Storm phobia, or fear of storms, is a common behavior in dogs. Many dogs are terrified of the noise and react by hiding, pacing, panting, trembling, peeing, pooping, drooling, and destroying things. Some dogs even take it to the extreme of hurting themselves by jumping through windows and doors. These behaviors can appear during a storm, or when they see or hear things such as thunder, lightning, rain, or formation of dark storm clouds.
Another type of noise phobia is the fear of fireworks and gunshots. Dogs with this fear show similar behaviors to storm phobic dogs. Some become so fearful they do not want to go outside the house or around the area they associate with these noises.
Treating Storm and Noise Phobia
The first step in managing and treating all types of noise phobia in dogs is to give them a safe place to hide. This safe haven can be a windowless basement, closet, crate, or bathroom. It is important to make sure your dog has access to this area when no one is home.
Photo courtesy of Patty Aguirre.
The noise of a radio, television, white noise machine, fan, or air conditioner reduces how much they hear of rain, thunder, and other scary noises.
Classical music can be relaxing for some dogs. Anxiety wraps or close-fitting t-shirts may help calm your dog. Other useful devices are dog earmuffs to reduce noise sensitivity, and calming caps to decrease ability to see the storm.
Pheromones may be beneficial in some cases. These come in a diffuser, wipes, or spray. These pheromones can be placed on a bandanna, blanket, or a favorite toy to reduce anxiety.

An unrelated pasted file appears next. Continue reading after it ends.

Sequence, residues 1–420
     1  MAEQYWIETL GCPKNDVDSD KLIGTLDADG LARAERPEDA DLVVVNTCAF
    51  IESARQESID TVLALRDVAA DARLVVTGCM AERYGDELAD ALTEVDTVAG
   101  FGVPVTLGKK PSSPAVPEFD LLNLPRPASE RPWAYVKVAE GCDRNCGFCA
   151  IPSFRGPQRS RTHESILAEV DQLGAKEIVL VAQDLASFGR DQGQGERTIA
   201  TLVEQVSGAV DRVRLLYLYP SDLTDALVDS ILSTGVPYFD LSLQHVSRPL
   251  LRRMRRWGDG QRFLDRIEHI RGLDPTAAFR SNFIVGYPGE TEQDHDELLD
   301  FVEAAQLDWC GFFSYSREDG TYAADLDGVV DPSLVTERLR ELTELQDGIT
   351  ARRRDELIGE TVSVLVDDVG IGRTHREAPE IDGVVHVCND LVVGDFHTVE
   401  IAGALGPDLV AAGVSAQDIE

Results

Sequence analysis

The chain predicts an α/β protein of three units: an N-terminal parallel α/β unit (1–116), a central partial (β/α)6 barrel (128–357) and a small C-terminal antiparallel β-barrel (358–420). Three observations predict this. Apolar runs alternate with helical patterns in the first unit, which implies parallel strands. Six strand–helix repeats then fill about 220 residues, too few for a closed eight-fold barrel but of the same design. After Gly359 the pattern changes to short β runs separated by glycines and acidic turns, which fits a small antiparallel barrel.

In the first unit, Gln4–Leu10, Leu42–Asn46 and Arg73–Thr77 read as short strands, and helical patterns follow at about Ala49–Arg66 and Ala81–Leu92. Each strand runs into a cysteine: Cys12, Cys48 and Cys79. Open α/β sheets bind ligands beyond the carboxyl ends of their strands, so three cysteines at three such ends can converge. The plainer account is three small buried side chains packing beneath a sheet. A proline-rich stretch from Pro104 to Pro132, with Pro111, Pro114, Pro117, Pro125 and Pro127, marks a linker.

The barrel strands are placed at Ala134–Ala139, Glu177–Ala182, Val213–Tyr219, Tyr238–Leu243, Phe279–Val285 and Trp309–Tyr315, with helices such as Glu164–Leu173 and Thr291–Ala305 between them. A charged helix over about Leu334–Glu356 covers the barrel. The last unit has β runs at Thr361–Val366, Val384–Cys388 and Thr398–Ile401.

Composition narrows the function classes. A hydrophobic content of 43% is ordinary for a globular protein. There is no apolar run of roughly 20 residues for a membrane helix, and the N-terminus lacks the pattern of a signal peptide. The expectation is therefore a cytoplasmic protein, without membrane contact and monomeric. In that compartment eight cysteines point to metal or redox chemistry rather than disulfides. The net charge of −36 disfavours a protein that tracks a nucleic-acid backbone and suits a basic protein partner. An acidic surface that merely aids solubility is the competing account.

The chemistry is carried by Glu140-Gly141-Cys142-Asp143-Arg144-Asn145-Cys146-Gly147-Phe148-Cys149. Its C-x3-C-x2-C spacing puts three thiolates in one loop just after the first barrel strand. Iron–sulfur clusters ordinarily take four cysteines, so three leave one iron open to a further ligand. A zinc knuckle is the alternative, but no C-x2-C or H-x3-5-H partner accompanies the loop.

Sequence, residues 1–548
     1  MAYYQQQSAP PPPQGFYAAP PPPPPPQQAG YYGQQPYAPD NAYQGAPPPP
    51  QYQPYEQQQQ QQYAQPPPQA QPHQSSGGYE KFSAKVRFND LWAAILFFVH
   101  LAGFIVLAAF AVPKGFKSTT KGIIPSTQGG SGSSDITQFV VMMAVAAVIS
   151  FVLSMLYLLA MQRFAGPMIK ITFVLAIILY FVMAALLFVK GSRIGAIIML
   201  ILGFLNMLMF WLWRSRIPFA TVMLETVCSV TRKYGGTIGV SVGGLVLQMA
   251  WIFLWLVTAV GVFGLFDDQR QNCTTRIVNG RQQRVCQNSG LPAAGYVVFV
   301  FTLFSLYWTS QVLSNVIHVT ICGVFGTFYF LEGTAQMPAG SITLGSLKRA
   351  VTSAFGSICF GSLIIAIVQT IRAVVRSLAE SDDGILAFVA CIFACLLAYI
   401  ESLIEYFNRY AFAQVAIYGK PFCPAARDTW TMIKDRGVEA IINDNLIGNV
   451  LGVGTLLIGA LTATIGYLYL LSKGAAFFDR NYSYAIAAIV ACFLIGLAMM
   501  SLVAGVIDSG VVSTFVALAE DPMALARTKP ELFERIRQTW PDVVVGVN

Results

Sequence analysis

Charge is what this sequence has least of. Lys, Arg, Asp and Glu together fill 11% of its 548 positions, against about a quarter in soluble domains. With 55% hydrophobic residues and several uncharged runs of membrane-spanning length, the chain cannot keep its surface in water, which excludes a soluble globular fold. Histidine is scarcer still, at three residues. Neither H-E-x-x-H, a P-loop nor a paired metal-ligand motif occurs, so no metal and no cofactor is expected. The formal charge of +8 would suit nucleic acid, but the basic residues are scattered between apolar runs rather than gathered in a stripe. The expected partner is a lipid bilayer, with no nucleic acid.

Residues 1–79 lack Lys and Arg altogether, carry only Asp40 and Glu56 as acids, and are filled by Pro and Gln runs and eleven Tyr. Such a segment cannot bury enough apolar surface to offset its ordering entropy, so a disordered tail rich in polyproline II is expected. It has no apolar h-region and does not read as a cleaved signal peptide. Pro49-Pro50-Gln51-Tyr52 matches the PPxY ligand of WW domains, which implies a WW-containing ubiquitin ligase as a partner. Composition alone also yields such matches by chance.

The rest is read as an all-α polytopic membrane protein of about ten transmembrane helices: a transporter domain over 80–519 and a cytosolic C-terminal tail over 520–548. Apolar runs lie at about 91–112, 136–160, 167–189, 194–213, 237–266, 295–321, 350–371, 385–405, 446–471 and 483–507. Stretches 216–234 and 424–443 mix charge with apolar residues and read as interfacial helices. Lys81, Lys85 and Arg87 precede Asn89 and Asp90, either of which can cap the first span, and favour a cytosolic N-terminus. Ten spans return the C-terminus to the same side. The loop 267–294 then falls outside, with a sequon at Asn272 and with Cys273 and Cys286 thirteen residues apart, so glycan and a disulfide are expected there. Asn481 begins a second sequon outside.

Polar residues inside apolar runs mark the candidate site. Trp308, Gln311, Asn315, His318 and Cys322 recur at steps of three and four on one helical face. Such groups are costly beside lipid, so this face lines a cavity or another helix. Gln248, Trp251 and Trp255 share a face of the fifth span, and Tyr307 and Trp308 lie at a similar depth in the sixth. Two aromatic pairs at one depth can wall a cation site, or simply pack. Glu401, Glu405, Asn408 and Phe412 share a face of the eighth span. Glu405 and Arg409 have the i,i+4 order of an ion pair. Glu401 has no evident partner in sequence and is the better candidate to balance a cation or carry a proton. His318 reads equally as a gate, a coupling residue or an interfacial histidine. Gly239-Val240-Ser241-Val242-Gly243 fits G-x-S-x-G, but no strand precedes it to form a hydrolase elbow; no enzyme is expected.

Photo courtesy of Christine Calder, DVM, DACVB.
Comforting: When it comes to the benefits of comforting your dog, the jury is still out. Many dogs enjoy the comfort of your closeness and reassurance whereas others become more anxious. Monitor your dog. If they become more fearful, stop trying to comfort them. If attention and touch calm your dog, there is no reason to stop.
Desensitization and counterconditioning are forms of behavior modification used to reduce the fear of noise and storms. Desensitization exposes the dog to a scary noise at such a low level that the animal is not scared. Counterconditioning changes the association of the noise with fear. Try to play with your dog, or do fun tricks he knows to distract your dog.
Food can also be a distraction, like an extra special treat that only comes out during scary events. Food puzzles (similar to these shown for cats) allow your dog to anticipate something fun and special when a storm is roaring overhead.
There are medications your veterinarian can prescribe to reduce the fear in your dog.
If medications are used, they must be given before the scary noise to be effective. Watch the weather closely and administer medication before the storm is predicted to arrive. It is better to medicate and no storm, than no medication and a storm. The same is true for other noise events.
Behavioral supplements may be beneficial in some dogs.
A magic pill to treat a noise or storm phobia does not exist. Treatment involves a combination of environmental management, behavior modification, and medication. Fear of noises can be reduced, but a cure is rare.
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